In just a few short months winter will be upon us, making it the perfect opportunity to enjoy the amazing views offered by the cold, clear skies, and the leafless trees.
While camping and hiking, you’re likely to experience wildlife watching. However, if not done appropriately, simply observing wildlife can have unintentional, negative impacts. There are also a few tips to remember about maintaining a campsite and ways to keep yourself protected. Following these guidelines puts the needs and safety of wildlife first, conserves wildlife and habitats, and keeps you and other winter campers safe.
Research the types of wildlife you’re likely to encounter during your trip. If you see a wild animal, exercise caution and enjoy it from a distance. Never approach, feed, chase, or harass animals. The National Park Service warns, “Feeding wildlife creates an expectation that they can receive food from you (and other campers) in the future. This can make them persistent and sometimes violent, and may attract wildlife to your site.” Understand what to do if large animals, such as bears and moose, approach you.
Remember to never pick up orphaned or sick animals; wild animals rarely abandon their young, and there are a number of wildlife diseases that can affect humans. If you see any type of unusual behavior, such as an animal pacing back and forth or signs of aggression, contact the closest national park service or the local police. Keep in mind that during the winter, wildlife such as bears, snakes, and skunks enter into hibernation, but this doesn’t mean you should go poking around their den. A startled animal will often attack as a means of self-defense, so it is best to avoid putting yourself in that situation as well as know what to do should an attack occur.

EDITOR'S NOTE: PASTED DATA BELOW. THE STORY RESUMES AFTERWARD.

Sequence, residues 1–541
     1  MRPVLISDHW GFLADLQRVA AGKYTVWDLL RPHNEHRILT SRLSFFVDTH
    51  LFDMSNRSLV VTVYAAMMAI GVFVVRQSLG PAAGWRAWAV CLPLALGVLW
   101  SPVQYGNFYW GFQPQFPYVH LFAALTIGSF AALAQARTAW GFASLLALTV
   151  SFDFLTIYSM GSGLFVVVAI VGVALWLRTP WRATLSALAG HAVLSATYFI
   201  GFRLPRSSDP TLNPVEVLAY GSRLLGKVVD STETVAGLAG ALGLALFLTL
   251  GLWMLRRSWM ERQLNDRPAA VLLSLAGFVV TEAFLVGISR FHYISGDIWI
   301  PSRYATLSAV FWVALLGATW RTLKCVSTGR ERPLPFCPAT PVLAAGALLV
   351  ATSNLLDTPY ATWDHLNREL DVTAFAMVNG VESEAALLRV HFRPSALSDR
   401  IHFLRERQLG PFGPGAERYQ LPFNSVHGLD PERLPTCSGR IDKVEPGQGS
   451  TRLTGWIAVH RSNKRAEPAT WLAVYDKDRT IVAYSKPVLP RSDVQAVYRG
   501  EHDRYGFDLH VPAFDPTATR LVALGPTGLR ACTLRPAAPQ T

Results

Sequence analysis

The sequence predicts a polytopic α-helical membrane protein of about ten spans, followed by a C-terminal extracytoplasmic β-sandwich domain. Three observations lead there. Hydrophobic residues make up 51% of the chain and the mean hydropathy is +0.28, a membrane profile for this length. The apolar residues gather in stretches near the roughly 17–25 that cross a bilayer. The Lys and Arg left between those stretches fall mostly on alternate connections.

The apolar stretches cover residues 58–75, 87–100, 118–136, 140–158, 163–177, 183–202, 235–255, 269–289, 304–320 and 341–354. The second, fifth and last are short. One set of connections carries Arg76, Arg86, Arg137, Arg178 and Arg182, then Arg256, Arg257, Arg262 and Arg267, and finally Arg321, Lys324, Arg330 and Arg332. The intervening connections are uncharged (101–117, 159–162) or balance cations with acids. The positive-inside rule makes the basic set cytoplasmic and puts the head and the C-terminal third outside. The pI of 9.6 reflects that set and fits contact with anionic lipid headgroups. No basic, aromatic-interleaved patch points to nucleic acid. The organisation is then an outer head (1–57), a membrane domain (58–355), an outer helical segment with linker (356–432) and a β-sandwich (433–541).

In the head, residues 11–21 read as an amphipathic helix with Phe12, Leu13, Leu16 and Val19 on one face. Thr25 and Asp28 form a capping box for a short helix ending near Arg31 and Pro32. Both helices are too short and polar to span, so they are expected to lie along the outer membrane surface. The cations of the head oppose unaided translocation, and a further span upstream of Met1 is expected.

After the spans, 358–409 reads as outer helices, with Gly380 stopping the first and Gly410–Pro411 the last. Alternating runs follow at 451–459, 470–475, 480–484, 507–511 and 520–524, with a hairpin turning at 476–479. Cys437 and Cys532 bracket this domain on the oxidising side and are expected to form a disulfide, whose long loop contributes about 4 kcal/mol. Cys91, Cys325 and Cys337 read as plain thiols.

Keeping Wildlife Away from Campsite
Many animals are opportunistic and may search campsites for food, especially when natural foods sources are low or unavailable such as during the winter. Always keep the campsite clean. Place leftovers in closed, airtight containers to keep them fresh and less noticeable by wildlife. Place food scraps and packaging in a waste bag and dispose of the bag in the campground’s receptacle. Never burn or bury food scraps or any trash.
Never take food inside your tent – that goes for storing or eating food, even snacks. Food and cooking gear should be kept separate from sleeping areas, preferably in a closed-up vehicle. Some campgrounds have specific rules about food storage, such as requiring you to use food storage lockers.
Before camping, be sure you’re well versed in fire safety. Even if you don’t build a fire, you should take precautions. For example, set up tents at least six meters apart and away from parked cars. Never smoke or use oil-burning appliances in or near a tent, and keep matches, lighters, flammable liquids, and gas cylinders out of the reach of children.
Cooking areas (propane burners and open fires) need to be well away from tents and items that catch fire easily, like long, dry grass. Cooking appliances should be in a place away from foot traffic so that they’re not knocked over. If you build a fire, ensure it’s in a suitable and safe area, do so properly, and never leave it unattended. While it might be tempting to leave the fire burning during the night for extra warmth, a fire should never be left unattended. If you are seeking warmth, make sure you are dressed appropriately with a base, middle, and outer layer, as well as socks, boots, gloves, and a hat.